The capsaicin in hot peppers can actually catch on fire! Even if the capsaicin doesn’t catch on fire the microwave releases the chemical into the air. Inhaling the vapor can burn your eyes and throat.
You can put a wet sponge in the microwave to disinfect but make sure to never put a dry sponge in the microwave. It can catch on fire!
Brown Paper Bags
I had no idea there was a danger in microwaving brown paper bags! In fact, I use them to make microwave popcorn all the time. According to the USDA, the ink, glue, and recycled materials in paper bags can emit toxic fumes when heated. Heat may also cause the bags to catch on fire.
Any Dish with Hidden Metal
I think most of us know we shouldn’t put metal in the microwave. I actually didn’t know why until I wrote this post! Click here to a technical explanation. The basic explanation is that metal can damage the magnetron that runs the microwave and can even start a fire in extreme cases.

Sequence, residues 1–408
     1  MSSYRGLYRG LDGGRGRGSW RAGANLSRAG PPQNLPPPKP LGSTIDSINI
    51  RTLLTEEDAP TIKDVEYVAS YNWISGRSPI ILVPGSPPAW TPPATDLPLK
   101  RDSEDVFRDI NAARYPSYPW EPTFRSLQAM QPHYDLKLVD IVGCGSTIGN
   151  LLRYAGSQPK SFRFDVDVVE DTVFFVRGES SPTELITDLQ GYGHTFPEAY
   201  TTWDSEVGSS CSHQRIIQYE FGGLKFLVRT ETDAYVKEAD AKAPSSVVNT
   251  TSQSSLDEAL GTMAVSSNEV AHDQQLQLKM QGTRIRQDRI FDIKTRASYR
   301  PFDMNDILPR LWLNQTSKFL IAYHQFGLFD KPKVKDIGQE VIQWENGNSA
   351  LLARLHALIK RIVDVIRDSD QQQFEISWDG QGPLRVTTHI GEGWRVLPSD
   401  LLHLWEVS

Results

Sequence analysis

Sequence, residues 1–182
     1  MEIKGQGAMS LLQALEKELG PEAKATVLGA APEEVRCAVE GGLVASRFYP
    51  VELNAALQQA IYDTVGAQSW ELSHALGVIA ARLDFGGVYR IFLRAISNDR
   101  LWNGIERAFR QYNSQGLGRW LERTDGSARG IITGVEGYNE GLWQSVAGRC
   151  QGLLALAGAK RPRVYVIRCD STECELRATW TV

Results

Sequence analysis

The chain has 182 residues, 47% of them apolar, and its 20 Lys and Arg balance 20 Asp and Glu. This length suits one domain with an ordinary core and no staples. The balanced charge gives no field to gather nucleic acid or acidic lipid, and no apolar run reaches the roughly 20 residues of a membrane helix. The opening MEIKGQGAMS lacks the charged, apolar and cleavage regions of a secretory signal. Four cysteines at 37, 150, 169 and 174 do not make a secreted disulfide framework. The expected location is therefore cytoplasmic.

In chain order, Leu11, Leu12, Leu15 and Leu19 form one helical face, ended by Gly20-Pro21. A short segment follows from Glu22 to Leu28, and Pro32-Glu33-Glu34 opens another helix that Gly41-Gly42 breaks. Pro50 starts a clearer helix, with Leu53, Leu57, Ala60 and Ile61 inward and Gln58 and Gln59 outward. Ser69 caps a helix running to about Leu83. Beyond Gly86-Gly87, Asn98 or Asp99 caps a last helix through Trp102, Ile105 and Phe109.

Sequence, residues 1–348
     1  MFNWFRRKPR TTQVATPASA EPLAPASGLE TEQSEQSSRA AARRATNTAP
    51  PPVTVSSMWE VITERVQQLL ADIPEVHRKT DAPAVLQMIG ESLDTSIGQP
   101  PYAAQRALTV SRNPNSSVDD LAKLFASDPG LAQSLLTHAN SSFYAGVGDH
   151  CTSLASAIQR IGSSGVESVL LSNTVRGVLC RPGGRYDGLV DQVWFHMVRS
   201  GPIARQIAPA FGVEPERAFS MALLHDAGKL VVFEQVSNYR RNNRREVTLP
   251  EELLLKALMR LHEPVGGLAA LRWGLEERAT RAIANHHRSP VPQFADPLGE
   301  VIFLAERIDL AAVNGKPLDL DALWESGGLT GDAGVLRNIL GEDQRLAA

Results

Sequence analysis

Be sure to watch out for dishes that may have any hidden metal on them! Some dishes are decorated with metallic paint that can be hazardous in the microwave. Some take out containers have metal handles or foil linings that aren’t microwave safe.
I have a feeling most of use would never intentionally run an empty microwave, but there are definitely times I thought I was turning on the microwave timer but actually turned on the microwave with nothing in it. When there is nothing to absorb the microwaves, the magnetron absorbes the microwaves instead. The microwaves can damage the magnetron and even start a fire.
Have you ever put something in the microwave that you shouldn’t have?